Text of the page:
Sockets

This is a really old draft from 1997.

Originally a Berkeley UNIX feature, sockets make it easy to communicate between two running programs. You can use sockets to talk to other processes running on the same machine about as easy as you can use them to communicate with a computer on the other side of the earth. You can create your own protocols, or use the socket interface to talk to existing servers using standard protocols like HTTP, FTP, Network News Transfer Protocol (NNTP), or Simple Mail Transfer Protocol (SMTP) used widely on the Internet.

Python provides socket support on most platforms, including virtually all Unix systems, as well as on Windows and Macintosh.

Creating Sockets

To use a socket in Python, you start by creating a socket object. This is done by calling the socket factory function in the module with the same name, specifying what kind of socket you want. Here’s an example:

>>> import socket
>>> s = socket.socket(socket.AF_INET, socket.SOCK_STREAM)
>>> s
<socket object, fd=3, family=2, type=1, protocol=0>

(On a Windows box, the socket printout may look something like “<_socketobject instance at 88ece0>“).

The first argument to the socket function specifies the address family. Python supports two families: AF_INET for Internet addresses, and AF_UNIX for UNIX inter-process communication. The latter is obviously only available on UNIX platforms.

The second argument gives the socket type, which controls the socket’s communication behavior. Here, we used SOCK_STREAM, which gives a two-way reliable byte stream. Data you send are guaranteed to make it to the receiver, and in the same order as you sent it. If the network isn’t able to guarantee this, we’ll get an error from the socket interface. Another, less commonly used type is SOCK_DGRAM, which allows you to send and receive datagrams. A datagram is simply a block of data (usually with a fixed maximum length), but the protocol doesn’t guarantee that the data really makes it to the other end (and if it does, it may not arrive in the same order as it was sent). Finally, the SOCK_RAW type can be used on some platforms to mess around with low-level protocol details. This is usually only available to programs running with super-user privileges.

In Internet protocol terms, the combination (AF_INET, SOCK_STREAM) uses the Internet Transmission Control Protocol (TCP), while (AF_INET, SOCK_DGRAM) uses the Internet User Datagram Protocol (UDP). The (AF_INET, SOCK_RAW) combination, finally, allows you to play with the core Internet Protocol (IP) itself. If nothing of this make sense to you, don’t worry. It works just fine anyway.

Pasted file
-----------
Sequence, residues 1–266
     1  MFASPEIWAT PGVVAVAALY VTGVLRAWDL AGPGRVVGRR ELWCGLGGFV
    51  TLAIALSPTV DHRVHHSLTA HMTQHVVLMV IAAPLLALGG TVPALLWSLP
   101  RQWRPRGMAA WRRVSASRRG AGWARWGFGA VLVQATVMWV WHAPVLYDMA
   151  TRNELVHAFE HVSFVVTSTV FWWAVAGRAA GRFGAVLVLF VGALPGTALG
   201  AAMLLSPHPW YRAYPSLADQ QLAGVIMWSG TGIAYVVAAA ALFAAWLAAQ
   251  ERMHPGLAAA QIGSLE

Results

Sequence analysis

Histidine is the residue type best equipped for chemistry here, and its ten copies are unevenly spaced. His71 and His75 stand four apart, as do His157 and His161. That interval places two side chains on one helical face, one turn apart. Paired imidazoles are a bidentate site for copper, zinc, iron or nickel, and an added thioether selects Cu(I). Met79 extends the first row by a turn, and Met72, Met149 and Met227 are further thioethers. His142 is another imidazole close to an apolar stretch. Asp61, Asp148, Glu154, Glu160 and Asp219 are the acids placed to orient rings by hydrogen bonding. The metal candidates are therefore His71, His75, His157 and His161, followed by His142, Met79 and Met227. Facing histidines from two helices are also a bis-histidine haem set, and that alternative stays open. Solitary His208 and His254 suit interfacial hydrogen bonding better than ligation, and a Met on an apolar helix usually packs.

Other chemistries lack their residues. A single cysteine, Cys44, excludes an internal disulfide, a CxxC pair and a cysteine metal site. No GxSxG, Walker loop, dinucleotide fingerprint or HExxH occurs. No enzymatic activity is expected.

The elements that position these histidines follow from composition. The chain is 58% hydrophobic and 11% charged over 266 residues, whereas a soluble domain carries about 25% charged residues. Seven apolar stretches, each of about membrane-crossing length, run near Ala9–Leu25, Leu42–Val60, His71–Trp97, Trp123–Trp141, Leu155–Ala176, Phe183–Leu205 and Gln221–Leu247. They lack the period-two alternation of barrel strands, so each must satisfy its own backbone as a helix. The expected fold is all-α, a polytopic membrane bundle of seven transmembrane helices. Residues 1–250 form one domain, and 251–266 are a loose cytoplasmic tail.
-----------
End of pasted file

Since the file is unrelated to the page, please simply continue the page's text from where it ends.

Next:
[FIXME: add sidebar on Internet protocols? the protocol hierarchy: IP/UDP/TCP/FTP/SMTP/POP3/NNTP/HTTP, RFC/STD standardization, request for comments, RFC proliferation, etc.]

Calling Other Sockets

Once you have created a socket, it works pretty much like a telephone. You can either use it to dial a number in order to call another machine or process (provided it has its own socket, of course), or just hang around, waiting for incoming calls. However, when using sockets, it is actually somewhat simpler to call someone else than to set things up so that others can call you. So let’s begin by “calling” a distant web-server:

>>> s.connect(("www.python.org", 80))
>>> s.send("GET / HTTP/1.0\r\n\r\n")
18
>>> s.recv(20)
'HTTP/1.0 200 OK\015\012Dat'
>>> s.close()

Dialing the number

We use the connect method to “call” a server. In this example, we used an Internet socket, for which the “phone number” consists of two parts; the server name and a port number. The server name can either be given as a host name (like “www.python.org” in this case), or a numerical host address, also given as a string (for example, “194.109.137.226“).

[FIXME: mention DNS servers?]

The port number specifies which port on this server we wish to connect to. Like a company switchboard, a single Internet server can provide many different services on different ports simultaneously. In this case, we connect to an HTTP server, which is usually listening on port 80.

[FIXME: what about Unix sockets? They use special file names instead (socket=). Example?]

The call to the connect method returns as soon as the server accepts the connection. If this doesn’t happen, either because the server or port doesn’t exist, or the server couldn’t be reached, or any other problem arises, Python raises a socket.error exception (this exception object is provided by the socket module).

<FIXME: should mention that if we use a DGRAM socket, the connect method will only locate the server, not actually connect to it>